Associations between plasma concentrations of PCB 28 and possible indoor exposure sources in Danish school children and mothers

Emilie Lund Egsmose, Elvira Vaclavik Bräuner, Marie Frederiksen, Thit Aarøe Mørck, Volkert Dirk Siersma, Pernille Winton Hansen, Flemming Nielsen, Philippe Grandjean, Lisbeth E Knudsen

Research output: Contribution to journalJournal articleResearchpeer-review


BACKGROUND: Polychlorinated biphenyls (PCBs) are ubiquitously present in the environment and are suspected of carcinogenic, neurotoxic and immunotoxic effects. Significantly higher plasma concentrations of the congener PCB 28 occur in children compared to adults. Exposure in schools may contribute to this difference.

OBJECTIVE: To determine whether increased blood plasma concentrations of PCB 28 in Danish school children and mothers are associated with living in homes or attending schools constructed in the PCB period (1959-1977).

METHODS: PCB 28 was analyzed in plasma samples from 116 children aged 6-11years and 143 mothers living in an urban and a rural area in Denmark and participating in the European pilot project DEMOCOPHES (Demonstration of a study to COordinate and Perform Human Biomonitoring on a European Scale). In Denmark, PCBs were used in construction in the period 1950-1977, and year of construction or renovation of the homes and schools was used as a proxy for indoor PCB exposure. Linear regression models were used to assess the association between potential PCB exposure from building materials and lipid adjusted concentrations of PCB 28 in plasma, with and without adjustment for potential confounders.

RESULTS: Among the 116 children and 143 mothers, we were able to specify home construction period in all but 4 children and 5 mothers leaving 111 children and 138 mothers for our analyses. The median lipid adjusted plasma PCB 28 concentration was 3 (range: 1-28) ng/g lipid in the children and 2 (range: 1-8) ng/g lipid in the mothers. Children living in homes built in the PCB period had significantly higher lipid adjusted plasma PCB 28 concentrations compared to children living in homes built before or after the PCB period. Following adjustment for covariates, PCB 28 concentrations in children were 40 (95% CI: 13; 68) percent higher than concentrations of children living in homes constructed at other times. Furthermore, children attending schools built or substantially refurbished in the PCB period also had significantly higher (46%, 95% CI: 22; 70) PCB 28 concentrations compared to children attending schools constructed before or after the PCB period, while their mothers had similar concentrations. Adjustment for the most prevalent congener, PCB 153, did not change this effect of home or school construction. When both home and school construction year were included in the models, the increase in lipid adjusted plasma PCB 28 for children living in or attending schools from the PCB period was no longer statistically significant. The individual effect of home and school construction periods could not be evaluated further with the available data.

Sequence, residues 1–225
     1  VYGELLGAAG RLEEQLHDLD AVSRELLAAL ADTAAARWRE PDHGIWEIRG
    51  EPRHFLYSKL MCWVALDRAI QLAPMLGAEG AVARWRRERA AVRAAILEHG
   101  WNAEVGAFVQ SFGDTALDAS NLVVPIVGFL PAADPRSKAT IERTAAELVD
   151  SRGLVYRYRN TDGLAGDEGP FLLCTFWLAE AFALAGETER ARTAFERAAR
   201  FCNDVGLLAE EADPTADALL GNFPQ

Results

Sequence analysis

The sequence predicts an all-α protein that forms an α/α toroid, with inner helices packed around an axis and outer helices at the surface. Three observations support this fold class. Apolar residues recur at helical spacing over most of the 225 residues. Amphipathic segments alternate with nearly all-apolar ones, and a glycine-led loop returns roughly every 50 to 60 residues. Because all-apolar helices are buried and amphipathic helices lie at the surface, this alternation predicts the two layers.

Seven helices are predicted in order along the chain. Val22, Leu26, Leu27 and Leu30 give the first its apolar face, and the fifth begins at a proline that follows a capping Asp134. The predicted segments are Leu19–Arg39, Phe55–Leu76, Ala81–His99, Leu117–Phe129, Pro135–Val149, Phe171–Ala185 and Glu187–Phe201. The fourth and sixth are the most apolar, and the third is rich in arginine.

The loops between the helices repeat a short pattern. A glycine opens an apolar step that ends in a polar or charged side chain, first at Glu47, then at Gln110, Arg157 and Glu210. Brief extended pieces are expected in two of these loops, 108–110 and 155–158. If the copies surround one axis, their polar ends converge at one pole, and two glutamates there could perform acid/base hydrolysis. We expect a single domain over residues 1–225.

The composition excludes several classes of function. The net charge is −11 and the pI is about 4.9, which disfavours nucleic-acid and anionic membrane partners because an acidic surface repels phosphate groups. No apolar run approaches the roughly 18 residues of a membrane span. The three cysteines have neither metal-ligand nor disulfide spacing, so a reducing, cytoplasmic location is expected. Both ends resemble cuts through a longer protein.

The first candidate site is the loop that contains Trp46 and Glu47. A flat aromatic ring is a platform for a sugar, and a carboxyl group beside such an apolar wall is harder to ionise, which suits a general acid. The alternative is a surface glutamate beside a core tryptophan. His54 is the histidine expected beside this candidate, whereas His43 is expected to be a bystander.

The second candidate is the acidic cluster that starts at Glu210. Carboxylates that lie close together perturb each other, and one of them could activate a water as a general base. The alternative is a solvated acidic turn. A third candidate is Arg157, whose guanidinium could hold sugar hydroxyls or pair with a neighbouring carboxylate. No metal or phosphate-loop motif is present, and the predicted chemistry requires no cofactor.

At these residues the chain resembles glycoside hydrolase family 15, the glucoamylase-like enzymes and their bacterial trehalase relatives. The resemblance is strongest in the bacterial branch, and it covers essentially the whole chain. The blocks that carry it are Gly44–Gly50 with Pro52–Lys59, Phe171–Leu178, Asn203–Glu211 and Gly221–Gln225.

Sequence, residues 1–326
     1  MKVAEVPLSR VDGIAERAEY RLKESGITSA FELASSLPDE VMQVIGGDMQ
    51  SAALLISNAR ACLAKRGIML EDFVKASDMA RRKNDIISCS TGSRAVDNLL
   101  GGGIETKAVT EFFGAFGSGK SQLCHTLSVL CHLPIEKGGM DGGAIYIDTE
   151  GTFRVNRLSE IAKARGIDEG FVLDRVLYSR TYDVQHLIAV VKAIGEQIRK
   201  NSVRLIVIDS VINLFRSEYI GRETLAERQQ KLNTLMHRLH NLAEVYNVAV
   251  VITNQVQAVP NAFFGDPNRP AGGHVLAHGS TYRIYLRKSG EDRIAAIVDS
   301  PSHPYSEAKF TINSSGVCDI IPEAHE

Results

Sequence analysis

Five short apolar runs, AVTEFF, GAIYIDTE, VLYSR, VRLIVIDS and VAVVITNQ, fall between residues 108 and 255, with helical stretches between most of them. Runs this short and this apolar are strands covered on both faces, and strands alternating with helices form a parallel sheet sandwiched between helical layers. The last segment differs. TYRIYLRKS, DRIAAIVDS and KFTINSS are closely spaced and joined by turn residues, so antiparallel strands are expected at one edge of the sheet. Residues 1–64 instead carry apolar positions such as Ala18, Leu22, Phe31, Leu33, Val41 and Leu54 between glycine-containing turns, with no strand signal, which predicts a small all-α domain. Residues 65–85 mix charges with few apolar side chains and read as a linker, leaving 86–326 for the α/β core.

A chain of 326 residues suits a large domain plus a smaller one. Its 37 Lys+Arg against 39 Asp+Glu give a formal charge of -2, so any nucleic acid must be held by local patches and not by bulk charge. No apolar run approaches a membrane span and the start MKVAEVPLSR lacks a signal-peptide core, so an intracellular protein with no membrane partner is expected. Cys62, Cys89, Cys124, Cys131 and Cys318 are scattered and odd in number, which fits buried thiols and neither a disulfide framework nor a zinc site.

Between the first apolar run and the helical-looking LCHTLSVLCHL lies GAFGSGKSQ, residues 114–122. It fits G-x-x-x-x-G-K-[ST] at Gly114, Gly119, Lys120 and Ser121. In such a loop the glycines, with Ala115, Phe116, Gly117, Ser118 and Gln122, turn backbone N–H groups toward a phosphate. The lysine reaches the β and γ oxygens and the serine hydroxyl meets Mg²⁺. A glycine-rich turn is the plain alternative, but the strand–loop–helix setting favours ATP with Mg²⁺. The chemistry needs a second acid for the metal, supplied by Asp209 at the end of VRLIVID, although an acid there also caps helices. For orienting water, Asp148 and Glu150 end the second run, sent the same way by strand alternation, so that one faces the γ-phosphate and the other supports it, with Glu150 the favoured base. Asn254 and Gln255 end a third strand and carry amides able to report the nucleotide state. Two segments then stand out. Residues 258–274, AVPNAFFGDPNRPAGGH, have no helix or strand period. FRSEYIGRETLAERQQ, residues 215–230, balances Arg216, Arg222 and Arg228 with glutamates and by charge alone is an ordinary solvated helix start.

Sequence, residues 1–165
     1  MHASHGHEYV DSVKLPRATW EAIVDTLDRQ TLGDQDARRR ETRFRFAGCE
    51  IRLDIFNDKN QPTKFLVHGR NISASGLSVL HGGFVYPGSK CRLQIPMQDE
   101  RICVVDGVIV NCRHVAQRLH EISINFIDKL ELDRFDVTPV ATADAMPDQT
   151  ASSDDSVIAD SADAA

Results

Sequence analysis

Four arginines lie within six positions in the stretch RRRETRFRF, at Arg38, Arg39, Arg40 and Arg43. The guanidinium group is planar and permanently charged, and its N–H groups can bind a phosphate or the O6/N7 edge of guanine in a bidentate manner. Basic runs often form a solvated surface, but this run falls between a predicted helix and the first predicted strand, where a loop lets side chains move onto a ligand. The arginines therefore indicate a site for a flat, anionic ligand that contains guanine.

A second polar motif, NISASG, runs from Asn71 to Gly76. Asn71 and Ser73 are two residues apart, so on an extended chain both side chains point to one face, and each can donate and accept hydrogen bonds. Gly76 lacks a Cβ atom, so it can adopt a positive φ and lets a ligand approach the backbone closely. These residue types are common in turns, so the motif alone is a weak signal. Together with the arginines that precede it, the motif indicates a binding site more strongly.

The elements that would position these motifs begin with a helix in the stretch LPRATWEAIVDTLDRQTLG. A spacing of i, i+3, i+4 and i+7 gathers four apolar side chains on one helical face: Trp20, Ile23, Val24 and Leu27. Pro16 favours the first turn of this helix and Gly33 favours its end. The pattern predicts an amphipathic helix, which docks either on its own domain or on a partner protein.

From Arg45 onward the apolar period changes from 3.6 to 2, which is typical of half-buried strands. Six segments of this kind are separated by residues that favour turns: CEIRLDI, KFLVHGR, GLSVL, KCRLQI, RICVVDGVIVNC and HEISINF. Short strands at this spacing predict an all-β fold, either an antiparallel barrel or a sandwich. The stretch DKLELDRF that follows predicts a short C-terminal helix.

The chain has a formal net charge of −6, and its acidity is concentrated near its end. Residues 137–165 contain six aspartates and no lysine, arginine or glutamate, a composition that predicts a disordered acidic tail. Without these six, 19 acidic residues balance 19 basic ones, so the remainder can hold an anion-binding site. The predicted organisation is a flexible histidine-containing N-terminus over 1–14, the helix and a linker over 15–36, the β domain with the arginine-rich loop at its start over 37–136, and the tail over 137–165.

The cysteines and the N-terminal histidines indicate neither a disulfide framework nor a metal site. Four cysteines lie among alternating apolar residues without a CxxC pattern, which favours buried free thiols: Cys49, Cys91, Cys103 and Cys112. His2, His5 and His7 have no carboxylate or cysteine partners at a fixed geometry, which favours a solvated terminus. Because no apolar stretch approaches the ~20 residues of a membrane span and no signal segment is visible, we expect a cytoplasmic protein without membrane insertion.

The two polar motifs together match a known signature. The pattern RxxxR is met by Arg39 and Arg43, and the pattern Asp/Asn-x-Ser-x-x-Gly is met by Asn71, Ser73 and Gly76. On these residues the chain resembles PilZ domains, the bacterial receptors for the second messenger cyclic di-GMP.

CONCLUSION: Our results suggest that PCB exposure in the indoor environment in schools and homes constructed during the PCB period may contribute significantly to children's plasma PCB 28 concentration. Efforts to minimize PCB exposure in indoor environments should be considered.

Original languageEnglish
JournalEnvironment International
Issue numberFebruary
Pages (from-to)13-19
Publication statusPublished - 2016


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